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4. Test each gas with a burning match; with a glowing splint. Repeat until you are sure what to expect in each case.

5. Determine whether the carbon or the zinc of the battery is connected with the tube in which the larger amount of gas is formed.

Questions. Which gas burns ? What product is formed ? How can you recognize the other gas ? Which terminal gives the larger volume of gas? How are the gases alike? how different ? Trace the path of the electric current from the switch through the circuit. What are the important facts shown by the experiment? What is a compound ? an element ?

Suggestions for report. Make a diagram of the apparatus; name all the parts ; show the direction of the current;

and name each gas

in the tubes. Reference work. Read sections 68 to 72. Make a list of all of the elements that you use in one day. Arrange these in order of their importance.

Optional problems. Fill a dry test tube with hydrogen. Bring a flame to the tube and watch for a new product. Explain. Find out from a chemistry text how hydrogen and oxygen are prepared in commercial quantities.

NATURE OF CARBON DIOXIDE AND ITS RELATION TO

RESPIRATION (VI-3)

Problem. Carbon dioxide is constantly being added to the air by the burning of all fuels, by the process of respiration, and by the decay of animal and plant substances. On the other hand, growing plants use great quantities of carbon dioxide from the air and return some oxygen. In order to find out more about carbon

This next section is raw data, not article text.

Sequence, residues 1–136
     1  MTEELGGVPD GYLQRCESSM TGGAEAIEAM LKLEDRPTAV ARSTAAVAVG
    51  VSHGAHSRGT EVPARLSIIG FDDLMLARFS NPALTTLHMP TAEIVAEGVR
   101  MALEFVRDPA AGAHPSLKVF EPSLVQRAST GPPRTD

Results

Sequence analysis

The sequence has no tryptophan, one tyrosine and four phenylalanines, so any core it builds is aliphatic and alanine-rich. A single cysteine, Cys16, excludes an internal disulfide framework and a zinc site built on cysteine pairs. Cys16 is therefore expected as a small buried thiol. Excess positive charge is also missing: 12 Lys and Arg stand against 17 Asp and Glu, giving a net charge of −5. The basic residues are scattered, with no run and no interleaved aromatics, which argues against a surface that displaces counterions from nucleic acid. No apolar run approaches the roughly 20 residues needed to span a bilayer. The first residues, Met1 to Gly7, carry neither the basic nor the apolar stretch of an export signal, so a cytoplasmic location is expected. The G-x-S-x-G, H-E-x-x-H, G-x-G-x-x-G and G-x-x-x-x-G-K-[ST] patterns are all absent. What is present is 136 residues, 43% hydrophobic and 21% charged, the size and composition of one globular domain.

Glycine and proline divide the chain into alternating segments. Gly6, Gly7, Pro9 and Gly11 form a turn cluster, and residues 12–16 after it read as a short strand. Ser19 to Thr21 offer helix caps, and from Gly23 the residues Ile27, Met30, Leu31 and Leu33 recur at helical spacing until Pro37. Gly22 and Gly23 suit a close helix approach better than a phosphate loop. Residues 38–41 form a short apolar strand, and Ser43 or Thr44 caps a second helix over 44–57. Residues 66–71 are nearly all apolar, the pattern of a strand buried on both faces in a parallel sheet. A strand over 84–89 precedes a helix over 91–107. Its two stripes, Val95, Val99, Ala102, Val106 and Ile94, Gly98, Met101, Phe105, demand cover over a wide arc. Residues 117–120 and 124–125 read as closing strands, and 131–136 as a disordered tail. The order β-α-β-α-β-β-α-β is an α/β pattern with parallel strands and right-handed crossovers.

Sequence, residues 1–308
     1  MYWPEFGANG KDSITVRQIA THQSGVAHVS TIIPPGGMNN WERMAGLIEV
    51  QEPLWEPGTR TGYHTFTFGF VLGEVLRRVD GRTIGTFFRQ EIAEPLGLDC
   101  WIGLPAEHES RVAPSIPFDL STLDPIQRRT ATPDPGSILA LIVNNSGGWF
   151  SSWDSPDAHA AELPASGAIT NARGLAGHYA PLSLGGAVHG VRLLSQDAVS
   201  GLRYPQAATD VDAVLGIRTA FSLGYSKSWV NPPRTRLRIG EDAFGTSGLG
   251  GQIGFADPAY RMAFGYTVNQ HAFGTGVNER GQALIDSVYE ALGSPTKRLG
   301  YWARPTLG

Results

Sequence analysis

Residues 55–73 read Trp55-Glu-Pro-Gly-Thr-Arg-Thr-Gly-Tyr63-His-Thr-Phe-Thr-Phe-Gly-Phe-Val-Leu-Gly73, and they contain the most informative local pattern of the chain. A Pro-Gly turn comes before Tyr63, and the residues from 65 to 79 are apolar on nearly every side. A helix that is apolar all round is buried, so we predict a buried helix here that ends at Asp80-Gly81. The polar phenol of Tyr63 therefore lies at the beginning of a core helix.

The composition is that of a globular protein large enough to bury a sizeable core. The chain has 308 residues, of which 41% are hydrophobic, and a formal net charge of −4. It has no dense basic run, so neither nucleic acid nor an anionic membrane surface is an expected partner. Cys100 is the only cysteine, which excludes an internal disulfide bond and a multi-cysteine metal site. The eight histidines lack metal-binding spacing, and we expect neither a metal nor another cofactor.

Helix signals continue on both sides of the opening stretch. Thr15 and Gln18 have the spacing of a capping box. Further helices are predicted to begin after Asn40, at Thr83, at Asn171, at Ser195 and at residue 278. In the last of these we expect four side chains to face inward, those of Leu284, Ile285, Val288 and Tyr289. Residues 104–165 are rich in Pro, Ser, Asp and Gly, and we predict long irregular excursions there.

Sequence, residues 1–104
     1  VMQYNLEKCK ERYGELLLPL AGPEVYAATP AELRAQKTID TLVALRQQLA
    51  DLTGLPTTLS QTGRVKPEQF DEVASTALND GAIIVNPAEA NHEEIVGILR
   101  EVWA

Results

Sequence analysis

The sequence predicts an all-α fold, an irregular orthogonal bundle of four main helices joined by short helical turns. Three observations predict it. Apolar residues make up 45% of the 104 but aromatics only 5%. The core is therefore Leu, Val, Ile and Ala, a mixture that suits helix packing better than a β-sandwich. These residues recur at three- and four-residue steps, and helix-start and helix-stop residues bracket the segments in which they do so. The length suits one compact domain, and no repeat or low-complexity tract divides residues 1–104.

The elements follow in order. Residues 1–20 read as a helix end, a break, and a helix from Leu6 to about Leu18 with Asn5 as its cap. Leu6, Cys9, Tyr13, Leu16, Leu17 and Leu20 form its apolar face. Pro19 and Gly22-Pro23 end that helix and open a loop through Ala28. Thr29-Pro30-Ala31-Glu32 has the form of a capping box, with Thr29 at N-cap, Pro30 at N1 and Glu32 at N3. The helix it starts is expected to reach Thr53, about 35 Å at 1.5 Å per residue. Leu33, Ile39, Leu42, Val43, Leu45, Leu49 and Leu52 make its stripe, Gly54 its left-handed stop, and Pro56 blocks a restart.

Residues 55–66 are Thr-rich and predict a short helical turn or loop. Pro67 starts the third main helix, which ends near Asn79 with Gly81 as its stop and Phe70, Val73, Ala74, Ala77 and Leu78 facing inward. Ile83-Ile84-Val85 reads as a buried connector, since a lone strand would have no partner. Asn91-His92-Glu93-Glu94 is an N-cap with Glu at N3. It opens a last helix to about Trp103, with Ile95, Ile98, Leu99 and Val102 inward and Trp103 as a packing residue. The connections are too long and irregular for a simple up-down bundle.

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dioxide it is best to obtain it in quantity from an experiment other than that of the burning process. How can this be done ?

What to use. Ring stand, burette clamp, marble, hydrochloric acid, special test tube with side neck and one-hole rubber stopper to fit, glass plug, glass jar or sink, three ordinary test tubes or wide-mouth bottles, small candle, wire, charcoal, wood splints, forceps, filter paper or glass plates, test-tube stand, Bunsen burner, and limewater.

What to do. 1. Assemble the apparatus as shown in figure 15. Put some pieces of marble in the test tube and cover them with water. Fill another test tube or a wide-mouth bottle with water and invert it as shown in the figure. Put the end of the rubber tube in this test tube or bottle.

2. Directions for handling such chemicals as hydrochloric acid etc. will be found in the appendix, p. 181. Add some hydrochloric acid to the marble and insert the rubber stopper in the test tube. Fill three test tubes or bottles with carbon dioxide gas; cover them with wet filter paper or glass plates and set them right side up.

3. Study the nature of the carbon dioxide according to the table given in suggestions for report.

4. Pour off some of the liquid above the marble, put it into a test tube, and evaporate almost to dryness. Set the tube aside to cool.

Questions. How do you recognize marble ? hydrochloric acid ? What occurs as the acid is added to the marble ? Is the marble destroyed ? How can you tell when the vessel is filled with carbon dioxide ? How does carbon dioxide behave toward a burning splint ? a burning candle ? a glowing charcoal ?

Suggestions for report. Record the facts in the table below:

a

WEIGHT ACTION ON ACTION ON ACTION ACTION ON SUBCOLOR ODOR TASTE COMPARED BURNING GLOWING ON